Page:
Hi Gwyn, that sounds like a great find, keep in touch.

As for Grit, putting aside whether it was repainted or not, I had a play colour correcting the photo and I could not get a brown finish without putting the other colours visible out of a natural range. Although there is no colour chart being held in front of the tank (something I really wish people would do on at least one photo), knowing how rust and old metal should look on these metal beasts, I can be pretty sure the top coat of paint is a green. I've tried the same with a few of the photos and I don't get a brown.

Colour photos are not always perfect but normally it is possible to pull something close to right from them. The human eye on the other hand can have issues with the colour green when it stops being of a bright hue. Having sold paint for many years I never cease to be surprised by the number of people who show a mild form of colour blindness when it comes to the colour green. It's why on the issue of colour I am healthily skeptical of witness accounts and will always go with physical evidence with a provable history.

Grit shows signs of a dark grey base coat matching that of the inside photos, which has then been over coated with a light grey with a top coat of dull green. The green on the underside of the sponson shows it to be painted over a paint that has flaked away. It matches the style of weathering of the dark grey on the sides in this view. I'm not saying the dark grey is original but certainly older than the green.

There are areas of graffiti scratched into the paint, it would be interesting to see if it can be dated by its style and content as it would help determine if all the the tank was repainted.

My 'opinion' on Tank colours are....

MK1 tanks light blue/grey... most but not all then camouflaged.

MKIV tanks a brown of some hue, then later green as things become more standard Army colours.

MKv tanks green

I don't think anything that makes us all look again at the past and what we think we know is ever wasted time.

So what do others think?

Helen x

Original and corrected photo attached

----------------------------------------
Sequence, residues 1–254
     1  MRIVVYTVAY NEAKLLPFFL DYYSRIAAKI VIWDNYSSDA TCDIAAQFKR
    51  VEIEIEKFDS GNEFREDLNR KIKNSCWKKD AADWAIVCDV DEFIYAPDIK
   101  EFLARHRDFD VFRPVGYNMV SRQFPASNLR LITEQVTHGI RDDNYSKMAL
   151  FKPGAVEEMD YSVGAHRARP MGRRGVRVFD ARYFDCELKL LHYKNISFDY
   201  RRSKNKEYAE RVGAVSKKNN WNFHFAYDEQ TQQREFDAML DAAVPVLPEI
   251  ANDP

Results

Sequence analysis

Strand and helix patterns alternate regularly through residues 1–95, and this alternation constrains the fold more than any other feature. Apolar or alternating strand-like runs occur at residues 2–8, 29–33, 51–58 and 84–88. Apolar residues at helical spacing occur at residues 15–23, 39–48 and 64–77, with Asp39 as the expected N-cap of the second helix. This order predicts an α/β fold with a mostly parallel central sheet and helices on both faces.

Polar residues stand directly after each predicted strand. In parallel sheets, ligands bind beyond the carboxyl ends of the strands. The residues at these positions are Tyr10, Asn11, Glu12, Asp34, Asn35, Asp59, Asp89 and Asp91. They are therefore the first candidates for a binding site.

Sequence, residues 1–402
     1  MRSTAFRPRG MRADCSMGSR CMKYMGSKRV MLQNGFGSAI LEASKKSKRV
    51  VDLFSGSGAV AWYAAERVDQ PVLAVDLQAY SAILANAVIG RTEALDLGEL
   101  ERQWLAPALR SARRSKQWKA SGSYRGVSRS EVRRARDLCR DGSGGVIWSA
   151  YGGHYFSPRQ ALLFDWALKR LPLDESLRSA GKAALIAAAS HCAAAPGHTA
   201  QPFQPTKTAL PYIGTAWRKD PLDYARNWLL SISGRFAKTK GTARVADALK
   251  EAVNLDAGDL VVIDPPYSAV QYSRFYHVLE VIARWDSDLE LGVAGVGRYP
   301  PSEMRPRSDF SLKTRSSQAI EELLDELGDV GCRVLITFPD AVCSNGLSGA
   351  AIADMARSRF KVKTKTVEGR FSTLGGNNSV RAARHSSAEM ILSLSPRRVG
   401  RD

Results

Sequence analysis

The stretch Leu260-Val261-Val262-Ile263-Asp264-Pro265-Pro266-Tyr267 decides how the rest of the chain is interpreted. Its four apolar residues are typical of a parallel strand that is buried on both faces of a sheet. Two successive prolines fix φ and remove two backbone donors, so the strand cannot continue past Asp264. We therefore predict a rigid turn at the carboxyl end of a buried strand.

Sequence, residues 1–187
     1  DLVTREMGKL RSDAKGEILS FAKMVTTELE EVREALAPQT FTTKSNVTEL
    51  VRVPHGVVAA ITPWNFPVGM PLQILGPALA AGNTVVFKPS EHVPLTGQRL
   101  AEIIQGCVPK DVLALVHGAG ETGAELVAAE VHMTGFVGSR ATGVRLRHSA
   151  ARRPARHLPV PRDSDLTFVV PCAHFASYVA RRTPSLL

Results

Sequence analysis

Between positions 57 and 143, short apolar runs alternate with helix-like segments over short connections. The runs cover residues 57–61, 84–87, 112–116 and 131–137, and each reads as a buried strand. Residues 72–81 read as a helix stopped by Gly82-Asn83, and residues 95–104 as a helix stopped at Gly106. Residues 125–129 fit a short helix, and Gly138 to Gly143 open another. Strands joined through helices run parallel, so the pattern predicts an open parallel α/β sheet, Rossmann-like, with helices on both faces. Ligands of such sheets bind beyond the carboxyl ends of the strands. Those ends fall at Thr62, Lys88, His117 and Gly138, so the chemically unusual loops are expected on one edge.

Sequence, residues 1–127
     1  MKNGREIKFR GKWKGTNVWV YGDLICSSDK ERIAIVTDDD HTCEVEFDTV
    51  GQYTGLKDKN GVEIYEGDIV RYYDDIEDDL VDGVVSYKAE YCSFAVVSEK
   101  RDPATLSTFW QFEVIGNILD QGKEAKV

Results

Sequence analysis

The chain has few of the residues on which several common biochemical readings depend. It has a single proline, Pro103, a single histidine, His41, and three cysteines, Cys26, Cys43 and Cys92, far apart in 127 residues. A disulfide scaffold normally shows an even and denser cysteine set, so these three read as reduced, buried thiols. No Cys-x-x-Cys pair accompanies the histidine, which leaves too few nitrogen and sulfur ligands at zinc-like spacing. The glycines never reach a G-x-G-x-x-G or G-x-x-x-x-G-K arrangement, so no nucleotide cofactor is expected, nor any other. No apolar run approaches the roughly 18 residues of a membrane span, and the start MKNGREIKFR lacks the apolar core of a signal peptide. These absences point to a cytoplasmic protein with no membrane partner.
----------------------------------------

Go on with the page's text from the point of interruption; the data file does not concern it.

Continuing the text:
-- Edited by MK1 Nut on Wednesday 12th of July 2017 12:34:18 AM

Attachments
__________________


Legend

Status: Offline
Posts: 1685
Date:
Permalink   

It seems as if Grit has been repainted a number of times. In 1996 it seems to have been green,

the latest paint job, image from 2015, is brown.

Regards,

Charlie



Attachments
__________________


Lieutenant-Colonel

Status: Offline
Posts: 177
Date:
Permalink   

It reminds me of discussions about the russian R-7 rocket. Photos showed it to be green in colour, but it turns out that some shades of grey together with artificial lighting appear greenish on photographs. I wouldn't trust these. Colour correction on the computer can not add the information which was lost in the camera in such cases.

Also, there are photographs of Lodestar III on which it appears greenish, even if it is undoubtedly brown.

I would be rather interested to look at the contemporary evidence like documents, black-and-white photographs, paintings and tellings.

Best, Thorsten

__________________


Captain

Status: Offline
Posts: 75
Date:
Permalink   

Thanks Hellen and Gwyn about your feedback and help
The only " authentic" colors that I saw for british tanks ( MK IV) are the ones from parts of tanks collected on battle fields ( buried and out of UV actions )
For the brown it is between the Humbrol 26 and Humbroll 29 ( for the modelers)